Before the photo was taken however, SAW’s frightening antagonist Jigsaw would stick his head into the booth just in time for the photo to capture the terrified reactions!
With the SAW franchise in decline, our focus was to give audiences a taste of what the film had to offer.
Given we were dealing with a Gen Y audience that practically lives online, we felt that by bringing the film to life in a fantastically horrifying way and capturing audience reactions, the reactions themselves would provide the best showpiece for the film.
Our strategy was to develop a micro activation and use the physical engagements from the activation as content for the wider social media campaign, using Facebook and YouTube in particular to carry the conversation across Australia.

The key campaign results from a consumer perspective were as follows:
- 4035 scary cinema experiences (50% over target).
- 111,426 YouTube views (345% over targe

Advertising Agency: Play Communication, Sidney
Year: 2011



This campaign had a bunch of bicyclists riding around town with custom wheels that rotated glowing messaging about the movie opening in the area.

Advertising Agency: Lorem, Sao Paulo
Creative Director: Icaro de Abreu
Year: 2011



Launch of the movie The Hole in 3D directed by Joe Dante. (A pair of brothers stumble upon a mysterious hole in their basement that leads to the darkest corridors of their fears and nightmares.)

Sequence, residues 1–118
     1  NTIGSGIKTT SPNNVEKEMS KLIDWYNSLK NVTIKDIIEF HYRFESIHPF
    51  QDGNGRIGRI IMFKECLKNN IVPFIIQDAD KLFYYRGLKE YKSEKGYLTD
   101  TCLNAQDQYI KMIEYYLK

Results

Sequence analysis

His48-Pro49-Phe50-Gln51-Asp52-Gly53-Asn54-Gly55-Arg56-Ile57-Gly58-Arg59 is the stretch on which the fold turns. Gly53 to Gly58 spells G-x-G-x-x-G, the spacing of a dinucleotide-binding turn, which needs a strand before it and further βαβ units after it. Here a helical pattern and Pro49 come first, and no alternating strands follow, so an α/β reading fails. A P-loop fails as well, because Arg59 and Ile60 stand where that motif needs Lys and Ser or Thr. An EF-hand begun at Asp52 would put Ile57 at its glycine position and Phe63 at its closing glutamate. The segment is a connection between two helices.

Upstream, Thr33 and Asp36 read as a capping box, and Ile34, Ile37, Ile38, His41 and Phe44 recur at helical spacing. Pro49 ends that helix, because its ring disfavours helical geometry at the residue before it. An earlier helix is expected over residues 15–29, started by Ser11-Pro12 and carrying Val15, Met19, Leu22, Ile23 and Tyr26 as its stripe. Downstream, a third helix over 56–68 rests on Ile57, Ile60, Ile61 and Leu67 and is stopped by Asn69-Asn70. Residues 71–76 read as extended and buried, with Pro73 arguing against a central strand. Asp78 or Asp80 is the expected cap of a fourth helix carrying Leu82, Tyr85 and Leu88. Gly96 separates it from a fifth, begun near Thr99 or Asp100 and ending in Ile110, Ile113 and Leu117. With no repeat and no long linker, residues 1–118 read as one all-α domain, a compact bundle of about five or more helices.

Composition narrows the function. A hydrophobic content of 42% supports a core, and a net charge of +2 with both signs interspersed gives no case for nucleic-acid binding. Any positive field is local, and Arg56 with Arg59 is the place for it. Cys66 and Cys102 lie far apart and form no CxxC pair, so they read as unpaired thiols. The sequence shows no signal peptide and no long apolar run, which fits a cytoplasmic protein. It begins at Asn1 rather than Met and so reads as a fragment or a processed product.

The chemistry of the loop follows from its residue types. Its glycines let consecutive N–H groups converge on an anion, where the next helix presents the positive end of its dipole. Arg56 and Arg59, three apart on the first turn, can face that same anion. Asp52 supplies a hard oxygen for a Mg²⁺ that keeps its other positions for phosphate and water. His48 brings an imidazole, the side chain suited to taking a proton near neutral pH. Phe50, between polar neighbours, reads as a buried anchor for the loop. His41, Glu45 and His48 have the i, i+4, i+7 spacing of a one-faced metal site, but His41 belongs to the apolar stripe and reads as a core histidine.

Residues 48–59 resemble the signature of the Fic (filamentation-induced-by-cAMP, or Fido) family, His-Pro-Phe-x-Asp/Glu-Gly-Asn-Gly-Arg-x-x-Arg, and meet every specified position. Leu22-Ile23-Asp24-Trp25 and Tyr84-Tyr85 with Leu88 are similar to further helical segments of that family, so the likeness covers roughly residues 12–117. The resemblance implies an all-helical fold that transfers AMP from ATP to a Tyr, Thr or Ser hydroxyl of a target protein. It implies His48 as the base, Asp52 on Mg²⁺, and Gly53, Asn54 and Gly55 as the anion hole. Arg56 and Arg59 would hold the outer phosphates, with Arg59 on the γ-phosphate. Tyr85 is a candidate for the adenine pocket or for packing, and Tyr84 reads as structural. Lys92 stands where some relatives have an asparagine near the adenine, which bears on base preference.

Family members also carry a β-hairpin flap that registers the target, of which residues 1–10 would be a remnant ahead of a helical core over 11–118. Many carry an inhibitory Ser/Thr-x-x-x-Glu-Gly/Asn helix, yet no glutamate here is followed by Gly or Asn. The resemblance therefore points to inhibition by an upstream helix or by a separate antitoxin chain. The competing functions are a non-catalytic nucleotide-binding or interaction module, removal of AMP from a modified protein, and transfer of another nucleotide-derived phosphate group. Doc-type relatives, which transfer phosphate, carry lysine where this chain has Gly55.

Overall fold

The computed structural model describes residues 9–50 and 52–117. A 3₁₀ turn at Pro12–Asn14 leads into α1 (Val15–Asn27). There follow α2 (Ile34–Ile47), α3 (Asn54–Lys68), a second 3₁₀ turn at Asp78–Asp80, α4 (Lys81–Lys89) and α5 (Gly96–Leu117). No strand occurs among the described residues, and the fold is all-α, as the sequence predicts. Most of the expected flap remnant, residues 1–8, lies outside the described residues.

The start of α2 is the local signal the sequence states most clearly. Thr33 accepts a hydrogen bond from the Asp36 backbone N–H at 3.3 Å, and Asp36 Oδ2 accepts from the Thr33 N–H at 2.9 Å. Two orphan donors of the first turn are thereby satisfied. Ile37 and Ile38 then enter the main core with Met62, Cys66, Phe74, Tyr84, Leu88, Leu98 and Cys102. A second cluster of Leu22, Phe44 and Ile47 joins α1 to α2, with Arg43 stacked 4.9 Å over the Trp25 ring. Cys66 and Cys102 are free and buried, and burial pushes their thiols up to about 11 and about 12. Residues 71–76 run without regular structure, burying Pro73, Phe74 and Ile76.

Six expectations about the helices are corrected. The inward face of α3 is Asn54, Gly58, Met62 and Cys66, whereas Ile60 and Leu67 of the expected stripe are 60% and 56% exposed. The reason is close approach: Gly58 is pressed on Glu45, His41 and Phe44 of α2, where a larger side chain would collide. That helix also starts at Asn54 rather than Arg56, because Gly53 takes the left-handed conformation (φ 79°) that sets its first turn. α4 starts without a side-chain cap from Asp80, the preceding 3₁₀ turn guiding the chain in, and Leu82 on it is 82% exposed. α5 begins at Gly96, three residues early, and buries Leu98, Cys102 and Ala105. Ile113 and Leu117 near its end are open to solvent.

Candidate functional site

Step 1: 2 weeks before: GUERRILLA. Floorstickers with a man falling into an hole were placed all over metro stations in Rome and Milan and in hundred of movie theaters.
Step 2: 2 weeks before WEB. Website about the movie with extra content (trailer, bills, phobias etc..).
Step 3: 10 days before: AMBIENT. Fake legs were added at the floorstickers and at special Billboards.
Step 4: 1 week before: EVENT. A black container was placed in the center of Milan and people were invited to challenge their fears. An infrared-cam recorded people’s reactions and the videos were uploaded on youtube and facebook.
Step 5: PROMOTION. Limited edition t-shirts (showing different fears to fight) were produced. People could win them entering the container.
Step 6: GADGETS. Fluorescent bracelets were given during the days of the event.
Step 7: 2 days before: 3D PRINT. Special 3D print was published on free press “On Stage”. 3D glasses were distributed with the magazine.

Advertising Agency: Auge, Milan
Year: 2011


Coca-Cola – Rivalry Wallet

A lost wallet in a stadium box-office containing a ticket to the next important derby belonging to a fan of the opposite team. Would you give it back?

Coca Cola believes in a better world. To prove it they left a wallet on the floor of Benfica’s soccer club Megastore. Inside the wallet they planted a rival club’s ticket and it was just a few days before the match. What do you think it happened? Actually, a surprising 95% returned the wallet and they got a ticket to the match as a reward.

Advertising Agency: O escritório, Portugal
Creative Director: Nuno Jerónimo
Year: 2011

Knorr Cupsoup – Frosty Window

Brief and strategy
The communication goal was to establish, both literally and figuratively, a warmer connection between Knorr and Japanese customers, enhancing Knorr’s brand image. Because the budget for the campaign was quite small, we needed to make big impact through a surprising campaign. The insight is timeless: when people are cold, they want something warm to eat and drink. With that insight in mind, we also sought a touch point where the target could ponder the pleasure of warm soup on a cold day, without shivering in the cold. We aimed to give people a true sensation of sitting next to a cup of warm soup on a cold winter day.